The Genesis of the French Edition of On Tyranny

In their postwar letters, Strauss and Kojeve continue to exchange copies of their writings and to report on the progress of their careers. In a letter from 1946, Kojeve thanks Strauss for a copy of the essay “Farabi’s Plato” and repeats that he would enjoy talking with him. He also reports that he is composing the book that will be published as the Introduction a la lecture de Hegel. In a letter from 8 April 1947, Kojeve writes that he wants to talk with Strauss in person because letters will not suffice and because essays and books are even less satisfying.

Strauss sends Kojeve a letter dated 22 August 1948 that highly praises the latter’s new book on Hegel. He says that with the exception of Heidegger, none of their contemporaries has written as comprehensive and intelligent a book. In fact, he says, it is the most brilliant attempt to make the case for modernity. Anticipating that Kojeve’s book will be well-received, Strauss says that he is not the only one whom the book has helped to make intelligible Hegel’s Phenomenology. While bestowing this great praise, Strauss asks him to review the original version of On Tyranny in a French journal on the grounds that no one besides him and Klein would understand what Strauss is driving at in the book. Strauss further explains that he prefers to ask the now more industrious and prominent Kojeve to review the book rather than Klein because the latter is “endlessly lazy.” Strauss follows this request by questioning Kojeve’s analysis of Hegel in the new book. Strauss begins by asking Kojeve how he can maintain that Hegel’s philosophy is absolute wisdom (and thus both comprehensive and consistent) while abandoning Hegel’s philosophy of nature. For if nature is not directed to an intelligible end and ordered with a view to history, then history itself would be radically contingent.[1] Second, Strauss challenges Kojeve’s Hegelian claim that human beings are moved by a desire for “recognition” on the grounds that the desire for admiration seems to entail more than a desire to be known. Finally, he objects to Kojeve’s project on the grounds that it would produce the spiritually empty and self-satisfied Last Man described by Nietzsche (237-239).

In a letter dated 26 May 1949, Kojeve thanks Strauss for his comments and says that he has much to say in response but cannot get it down on paper. Nonetheless, he proposes that they produce

a new, French edition of On Tyranny that would include not only

translations of the Hiero and of Strauss’s commentary but also his own review of Xenophon-Strauss’s account of tyranny and philosophy. Responding a month later, Strauss welcomes Kojeve’s proposal and asks that Kojeve also try to publish the review separately, perhaps on the grounds that such reviews are “publicity for the book” (see 249).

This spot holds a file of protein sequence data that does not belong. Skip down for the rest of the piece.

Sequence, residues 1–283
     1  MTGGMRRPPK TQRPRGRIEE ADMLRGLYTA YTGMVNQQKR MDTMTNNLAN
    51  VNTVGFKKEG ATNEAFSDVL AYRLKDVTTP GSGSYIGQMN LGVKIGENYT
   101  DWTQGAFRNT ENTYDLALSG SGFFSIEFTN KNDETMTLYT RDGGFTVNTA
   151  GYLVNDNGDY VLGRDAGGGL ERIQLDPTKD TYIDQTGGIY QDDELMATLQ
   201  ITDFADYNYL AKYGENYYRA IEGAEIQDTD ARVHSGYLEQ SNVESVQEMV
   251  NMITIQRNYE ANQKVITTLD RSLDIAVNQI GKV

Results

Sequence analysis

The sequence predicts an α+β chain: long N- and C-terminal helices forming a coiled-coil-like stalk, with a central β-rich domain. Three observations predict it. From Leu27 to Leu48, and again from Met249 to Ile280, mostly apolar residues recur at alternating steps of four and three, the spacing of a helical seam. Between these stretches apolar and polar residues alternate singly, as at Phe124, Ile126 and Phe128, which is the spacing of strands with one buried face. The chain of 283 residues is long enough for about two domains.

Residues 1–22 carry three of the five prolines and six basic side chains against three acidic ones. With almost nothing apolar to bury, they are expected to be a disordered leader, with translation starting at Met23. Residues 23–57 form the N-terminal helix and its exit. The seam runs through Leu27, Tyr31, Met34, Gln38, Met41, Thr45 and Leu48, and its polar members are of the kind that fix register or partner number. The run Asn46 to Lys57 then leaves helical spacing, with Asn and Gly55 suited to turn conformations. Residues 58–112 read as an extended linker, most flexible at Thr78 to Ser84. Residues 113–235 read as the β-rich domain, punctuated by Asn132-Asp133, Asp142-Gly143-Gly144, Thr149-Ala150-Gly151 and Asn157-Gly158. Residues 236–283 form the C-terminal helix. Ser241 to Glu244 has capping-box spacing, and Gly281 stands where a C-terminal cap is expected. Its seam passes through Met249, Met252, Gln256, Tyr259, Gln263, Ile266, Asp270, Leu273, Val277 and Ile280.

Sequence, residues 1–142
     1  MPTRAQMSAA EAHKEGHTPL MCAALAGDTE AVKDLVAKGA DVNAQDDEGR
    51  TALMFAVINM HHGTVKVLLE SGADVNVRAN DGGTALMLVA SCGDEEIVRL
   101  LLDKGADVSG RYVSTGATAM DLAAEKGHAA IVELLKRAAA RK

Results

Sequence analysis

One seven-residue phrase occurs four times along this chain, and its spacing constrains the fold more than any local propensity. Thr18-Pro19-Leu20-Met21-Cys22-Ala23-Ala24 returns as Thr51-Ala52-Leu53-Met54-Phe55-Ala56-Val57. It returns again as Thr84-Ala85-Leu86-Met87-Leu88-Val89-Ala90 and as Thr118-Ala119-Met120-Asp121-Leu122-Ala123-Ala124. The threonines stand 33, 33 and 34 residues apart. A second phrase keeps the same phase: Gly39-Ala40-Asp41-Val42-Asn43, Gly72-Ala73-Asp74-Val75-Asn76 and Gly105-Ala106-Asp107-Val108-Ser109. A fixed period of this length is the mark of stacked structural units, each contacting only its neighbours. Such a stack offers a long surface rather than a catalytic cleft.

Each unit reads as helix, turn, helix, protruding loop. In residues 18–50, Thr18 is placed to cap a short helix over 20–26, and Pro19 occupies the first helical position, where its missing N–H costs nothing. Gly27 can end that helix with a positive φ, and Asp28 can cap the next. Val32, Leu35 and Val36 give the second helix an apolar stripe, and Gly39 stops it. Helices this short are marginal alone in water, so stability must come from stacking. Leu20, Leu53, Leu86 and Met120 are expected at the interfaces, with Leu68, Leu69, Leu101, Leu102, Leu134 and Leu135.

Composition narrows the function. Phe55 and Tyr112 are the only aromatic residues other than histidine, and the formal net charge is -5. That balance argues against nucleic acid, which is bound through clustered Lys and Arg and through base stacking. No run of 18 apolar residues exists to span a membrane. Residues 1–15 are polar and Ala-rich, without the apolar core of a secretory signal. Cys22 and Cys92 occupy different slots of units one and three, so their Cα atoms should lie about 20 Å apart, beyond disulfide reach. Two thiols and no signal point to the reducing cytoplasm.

Strauss’s letter dated 4 September 1949 thanks Kojeve profusely for reviewing the Xenophon book in the essay entitled “Tyranny and Wisdom.” Strauss says that the attention that Kojeve devoted to the Xenophon book is the greatest compliment that he has ever received. He says that he wants to reply “in a public setting” and suggests that the Xenophon book be reissued to include not only Kojeve’s

“Tyranny and Wisdom” but also a response to Kojeve from Strauss and a further response to Strauss from Kojeve (243-245).

While completing the book, Strauss and Kojeve continue to express their desires to speak with each other in person. On 10 October 1949 Kojeve responds to an invitation from Strauss to visit Chicago, that it would be “philosophically extremely stimulating.” On 26 December 1949 Kojeve writes to say that he regrets not meeting with Strauss and having had no chance for philosophical discussion. Three weeks later, Strauss writes back that he has no one with whom he can discuss the “greatest and noblest things,” and five months later, he laments that he has no one with whom he can discuss “the first things as well as the first thing” (248, 251). But he does not say that he wants for philosophic stimulation. He reports that he has begun the series of lectures that formed the basis of Natural Right and History and says that he has been making progress in his study of “historicism” or, he explains, with Heidegger. He comments, “I believe that I see some light” (251).

In a letter dated 14 September 1950, Strauss asks Kojeve to reply to his “Restatement” and says that he regards “the question” as “entirely open.” Strauss wants Kojeve to write a rejoinder that would clarify some difficulties present in the Hegel book. He says that his “attack” on Kojeve (in the “Restatement”) is intended to provoke him to elucidate those issues (254). But Kojeve writes on 19 September 1950 to say that he does not wish to reply. Naturally, he says, he would have much to say, but the reader must be left something to think through for himself. As a result, the extended edition of On Tyranny is published with the understanding that its authors will not say everything explicitly that can be said on the subject of tyranny and on the subject of Being.

  • [1] Peter A. Lawler, “History and Nature,” Perspectives on Political Science 25 (no. 3,1996): 136, says that this contingency should not bother Kojeve because “theradical contingency of human nature is a consequence of the radical distinctionbetween nature and history. . . . Although history emerges accidentally againstnature, it can be shown to have become and so to be an ordered or rational andhuman whole.” In their “Introduction” to On Tyranny (xix-xx), Gourevitch andRoth argue that if history depended, to some extent, on a contingent nature,then it would be impossible to produce the “definitive, comprehensive, andcoherent” account that constitutes wisdom and that Kojeve promises at the endof history.
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